On the evening of February 4, 1899 US soldiers in Santol were instructed to venture into more territory held by Filipino troops, with the order “to shoot if the need arose.” The Americans naturally encountered Filipino sentries whom they immediately fired on, with a private who fired the first shot shouting “Line up, fellows, the niggers are in here all through these yards.” Hours later, McKinley announced to the US press “that the insurgents had attacked Manila.” McKinley dispatched instructions the next day to crush the Filipino army. An emissary from the Filipinos was sent to the American commanders to request for “a cessation of hostilities” and to explain that the provocation actually came from US troops. The envoy was rebuffed by the US Army commander, who told the Filipino that the fighting “having begun, must go on to the grim end.” News of “savages” and “barbarians” who had “fired on the flag” subsequently filled US newspapers. On February 6, the US Senate ratified the treaty by a vote of two-thirds plus one and the Philippines formally became a colony of the United States. Yet it would take the slaughter of hundreds of thousands of Filipinos in a decade-long orgy of pacification before America finally crushed armed resistance to US rule.

The US wishes to frame its impending occupation of Iraq with talk of liberation and democracy? To determine the looming fate of Iraq, why not hear out first the words of America as it was ‘liberating’ the first republic of Asia.

“You never hear of any disturbances,” said a Republican congressman just back from Manila at the time of McKinley’s campaign of “Benevolent Assimilation” in the Philippines, “… because there isn’t anybody left to rebel … The good Lord in Heaven only knows the number of Filipinos that were put under the ground. Our soldiers took no prisoners, they kept no records; they simply swept the country, and wherever and whenever they could get hold of a Filipino they killed him.”

Before he took command, Filipino-American War Gen. J. Franklin Bell announced: “All consideration and regard for the inhabitants of this place cease from the day I become commander. I have the force and authority to do whatever seems to me good and especially to humiliate all those … who have any pride.” Explaining the brutality accorded by American soldiers to Filipinos, a Boston Herald correspondent covering the Philippine-US war said “Our troops in the Philippines … look upon all Filipinos as of one race and condition, and being dark men, they are therefore ‘niggers,’ and entitled to all the contempt and harsh treatment administered by white overlords to the most inferior races.” As early as April 1899, a US commander was already predicting that “It may be necessary to kill half the Filipinos in order that the remaining half of the population may be advanced to a higher place of life than their present semi-barbarous state affords.” As it turns out, however, not that many died. As early as 1901, the number of Filipinos that had been killed or had died of disease as a result of America’s vile occupation was pegged by a US general at a ‘mere’ 600,000 – a horrific figure considering that it took America a decade after 1899 to literally wipe out Filipino resistance. And America has the temerity to ask “Why do they hate us?”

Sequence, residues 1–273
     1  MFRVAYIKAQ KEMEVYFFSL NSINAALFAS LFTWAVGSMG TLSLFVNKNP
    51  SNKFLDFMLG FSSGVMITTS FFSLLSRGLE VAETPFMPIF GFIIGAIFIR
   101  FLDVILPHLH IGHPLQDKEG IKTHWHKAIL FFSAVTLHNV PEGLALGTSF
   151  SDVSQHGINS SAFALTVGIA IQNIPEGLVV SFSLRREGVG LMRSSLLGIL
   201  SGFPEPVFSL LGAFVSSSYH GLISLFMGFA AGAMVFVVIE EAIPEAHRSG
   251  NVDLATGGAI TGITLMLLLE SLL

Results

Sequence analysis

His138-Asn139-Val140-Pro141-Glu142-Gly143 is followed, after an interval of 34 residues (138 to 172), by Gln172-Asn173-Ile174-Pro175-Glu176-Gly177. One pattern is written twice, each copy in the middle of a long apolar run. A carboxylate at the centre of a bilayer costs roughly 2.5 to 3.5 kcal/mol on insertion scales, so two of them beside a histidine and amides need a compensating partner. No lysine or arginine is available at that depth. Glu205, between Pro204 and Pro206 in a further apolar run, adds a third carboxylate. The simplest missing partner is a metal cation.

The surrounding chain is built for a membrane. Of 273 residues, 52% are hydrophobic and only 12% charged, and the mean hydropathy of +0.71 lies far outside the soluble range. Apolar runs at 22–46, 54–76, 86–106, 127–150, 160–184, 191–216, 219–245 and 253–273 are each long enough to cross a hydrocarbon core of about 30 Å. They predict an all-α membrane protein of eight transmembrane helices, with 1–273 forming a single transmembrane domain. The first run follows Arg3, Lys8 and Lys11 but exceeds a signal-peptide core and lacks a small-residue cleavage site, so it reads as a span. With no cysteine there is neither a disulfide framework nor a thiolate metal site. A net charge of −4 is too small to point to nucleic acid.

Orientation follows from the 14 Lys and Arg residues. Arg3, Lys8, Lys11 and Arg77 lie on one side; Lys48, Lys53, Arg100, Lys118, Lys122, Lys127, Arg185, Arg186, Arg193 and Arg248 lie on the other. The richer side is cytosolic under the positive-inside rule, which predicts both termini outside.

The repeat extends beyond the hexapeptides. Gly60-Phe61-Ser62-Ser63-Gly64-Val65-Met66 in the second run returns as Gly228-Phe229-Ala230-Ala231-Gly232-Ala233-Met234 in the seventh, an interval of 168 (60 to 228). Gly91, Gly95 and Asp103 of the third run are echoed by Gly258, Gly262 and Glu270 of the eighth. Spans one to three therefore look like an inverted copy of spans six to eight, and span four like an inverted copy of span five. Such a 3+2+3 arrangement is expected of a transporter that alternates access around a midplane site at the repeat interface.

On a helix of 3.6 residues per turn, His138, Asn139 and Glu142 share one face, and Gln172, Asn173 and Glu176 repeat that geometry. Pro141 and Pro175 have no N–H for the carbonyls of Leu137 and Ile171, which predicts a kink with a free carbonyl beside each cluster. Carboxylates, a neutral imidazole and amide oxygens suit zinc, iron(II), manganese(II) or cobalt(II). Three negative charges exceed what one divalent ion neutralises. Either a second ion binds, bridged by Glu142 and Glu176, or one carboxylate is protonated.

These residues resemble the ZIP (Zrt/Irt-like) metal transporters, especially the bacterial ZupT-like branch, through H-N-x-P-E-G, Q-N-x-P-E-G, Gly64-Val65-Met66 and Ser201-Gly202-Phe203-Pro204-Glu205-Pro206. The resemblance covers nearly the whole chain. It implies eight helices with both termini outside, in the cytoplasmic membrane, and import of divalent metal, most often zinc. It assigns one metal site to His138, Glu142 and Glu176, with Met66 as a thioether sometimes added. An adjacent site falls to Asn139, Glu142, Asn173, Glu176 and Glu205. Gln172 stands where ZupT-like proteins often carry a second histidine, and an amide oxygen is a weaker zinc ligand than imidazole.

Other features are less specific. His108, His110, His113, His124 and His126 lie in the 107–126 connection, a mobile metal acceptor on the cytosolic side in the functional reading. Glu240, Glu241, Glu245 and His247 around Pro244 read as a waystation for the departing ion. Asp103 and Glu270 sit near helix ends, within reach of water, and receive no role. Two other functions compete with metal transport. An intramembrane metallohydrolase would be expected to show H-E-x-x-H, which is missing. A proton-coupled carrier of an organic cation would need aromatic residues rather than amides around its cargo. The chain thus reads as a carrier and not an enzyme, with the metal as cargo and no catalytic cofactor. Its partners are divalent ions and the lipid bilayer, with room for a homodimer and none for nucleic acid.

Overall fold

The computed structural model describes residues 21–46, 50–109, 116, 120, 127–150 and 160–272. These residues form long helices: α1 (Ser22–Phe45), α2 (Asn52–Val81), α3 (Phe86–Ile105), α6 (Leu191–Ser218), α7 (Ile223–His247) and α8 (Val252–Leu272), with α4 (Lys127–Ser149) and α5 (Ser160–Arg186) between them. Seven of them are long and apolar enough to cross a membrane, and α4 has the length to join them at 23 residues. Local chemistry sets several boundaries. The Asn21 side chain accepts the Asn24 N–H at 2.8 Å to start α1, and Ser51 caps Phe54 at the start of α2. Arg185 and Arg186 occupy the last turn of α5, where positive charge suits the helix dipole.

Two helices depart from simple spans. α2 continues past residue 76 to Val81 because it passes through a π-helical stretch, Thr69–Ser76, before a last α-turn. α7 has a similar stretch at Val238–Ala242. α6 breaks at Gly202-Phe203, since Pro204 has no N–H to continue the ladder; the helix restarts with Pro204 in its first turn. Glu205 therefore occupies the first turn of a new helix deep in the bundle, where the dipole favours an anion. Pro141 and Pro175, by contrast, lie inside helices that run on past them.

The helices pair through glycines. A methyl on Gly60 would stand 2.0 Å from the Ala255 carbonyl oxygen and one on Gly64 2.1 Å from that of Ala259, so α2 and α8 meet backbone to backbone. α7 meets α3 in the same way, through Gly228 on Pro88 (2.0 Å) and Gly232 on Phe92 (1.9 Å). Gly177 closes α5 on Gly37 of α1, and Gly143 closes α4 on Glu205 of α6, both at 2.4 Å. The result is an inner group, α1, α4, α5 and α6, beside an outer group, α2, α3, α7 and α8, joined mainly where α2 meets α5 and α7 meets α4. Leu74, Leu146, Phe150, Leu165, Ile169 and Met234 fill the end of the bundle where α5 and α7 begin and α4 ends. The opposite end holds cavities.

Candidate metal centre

“We’re going to become guilty, in my judgment, of being the greatest threat to the peace of world,” said Senator Wayne Morse, who voted against the Tonkin Gulf Resolution in the US Senate. “It’s an ugly reality, and we Americans don’t like to face up to it. I hate to think of the chapter of American history that’s going to be written in the future in connection with our outlawry in Southeast Asia.”

Comments are welcome at xioi@excite.com

Sources: Leon Wolff, Little Brown Brother, 1991; Philippine-American War, Day One, Issues Without Tears, Volume 5, 1986; Recalling the Philippine-American War, Issues Without Tears, Volume 8, 1989; “The Iraq ploy and Resemblances to the Start of the Cold War,” Saul Landau, November 28, 2002; Anatomy of a War: Vietnam, The United States and the Modern Historical Experience, Gabriel Kolko, 1985; Republic or Empire: American Resistance to the Philippine War, Daniel Boone Schirmer, 1972; Conspiracy for Empire: Big business, corruption and the Politics of Imperialism in America, 1876-1907, Jonathan Shephard Fast and Luzviminda Bartolome Fransisco, 1985.